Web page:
El Greco was born on Crete, at the centre of several ongoing multicultural conflicts. One of the capitals of ancient Europe, Crete was already owned by the Venetian Republic, which caused constant friction between the Roman and the Greek-Orthodox Christian traditions. Two years after he was born, the Byzantine Empire collapsed and the Turks, who were thought of as foreigners but were actually rather close relatives, settled on the Anatolian peninsula, bringing the Muslim faith closer to Mediterranean Europe. It was in this atmosphere that the young Doménikos took his first steps as an icon painter. Doesn’t the Lady in a Fur Wrap emerge from the dark background like in a traditional icon, “painted by light”? The traditional method of icon painting consisted of covering the whole picture with black paint and then lightening certain spaces to make shapes emerge. That is why when we look at the lady ablaze with light we feel that she’s almost outside the painting.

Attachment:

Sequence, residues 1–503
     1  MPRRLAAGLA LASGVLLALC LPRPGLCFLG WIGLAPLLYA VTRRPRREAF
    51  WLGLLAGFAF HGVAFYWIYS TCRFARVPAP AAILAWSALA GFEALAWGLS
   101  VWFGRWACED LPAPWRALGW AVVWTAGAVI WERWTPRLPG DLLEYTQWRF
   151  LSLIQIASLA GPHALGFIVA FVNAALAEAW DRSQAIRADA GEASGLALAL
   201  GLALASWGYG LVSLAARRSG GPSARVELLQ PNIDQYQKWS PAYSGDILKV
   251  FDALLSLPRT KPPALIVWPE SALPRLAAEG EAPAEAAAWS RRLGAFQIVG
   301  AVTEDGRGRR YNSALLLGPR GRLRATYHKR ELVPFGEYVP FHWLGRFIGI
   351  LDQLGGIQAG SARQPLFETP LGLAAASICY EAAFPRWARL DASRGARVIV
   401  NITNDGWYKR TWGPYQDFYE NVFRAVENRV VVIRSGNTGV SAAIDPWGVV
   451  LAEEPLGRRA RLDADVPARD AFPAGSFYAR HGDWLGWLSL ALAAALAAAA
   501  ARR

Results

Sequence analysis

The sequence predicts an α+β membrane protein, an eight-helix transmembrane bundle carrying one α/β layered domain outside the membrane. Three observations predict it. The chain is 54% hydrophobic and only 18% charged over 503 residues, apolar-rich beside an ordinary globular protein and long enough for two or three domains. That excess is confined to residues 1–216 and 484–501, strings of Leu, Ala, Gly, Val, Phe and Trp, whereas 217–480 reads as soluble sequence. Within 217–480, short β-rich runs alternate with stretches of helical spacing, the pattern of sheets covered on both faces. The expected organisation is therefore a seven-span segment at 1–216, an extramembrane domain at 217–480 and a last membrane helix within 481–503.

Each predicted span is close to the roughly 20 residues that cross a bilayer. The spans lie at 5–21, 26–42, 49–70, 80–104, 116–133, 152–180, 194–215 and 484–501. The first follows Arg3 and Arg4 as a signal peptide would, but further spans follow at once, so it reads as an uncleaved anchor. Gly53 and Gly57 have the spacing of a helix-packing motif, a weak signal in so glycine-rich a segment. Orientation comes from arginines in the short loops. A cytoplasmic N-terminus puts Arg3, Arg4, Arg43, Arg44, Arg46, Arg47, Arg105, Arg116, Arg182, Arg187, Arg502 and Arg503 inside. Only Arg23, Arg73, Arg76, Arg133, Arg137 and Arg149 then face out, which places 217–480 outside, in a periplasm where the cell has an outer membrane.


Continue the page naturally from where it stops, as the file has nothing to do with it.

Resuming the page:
The golden bridge

After leaving Crete, El Greco set out for Venice, where he hoped to gain some experience from the Italian renaissance masters. At that time, Venice was known as “a golden bridge,” a place where the East and West met and civilisations intersected. In El Greco’s time, it was home to the large Greek, German, Albanian, Armenian, Jewish diasporas and to dozens of artists, scientists, merchants or simple adventurers. Throughout the ages, The Lady in a Fur Wrap has been attributed to different artists, including the Venetian Tintoretto – and one reason for the disputed origins of the painting might be the multiple influences which shaped El Greco’s art.

Image: Painting by El Greco (PD). El Greco called this painting “Portrait of a Man;” art historians believe that it was a self-portrait.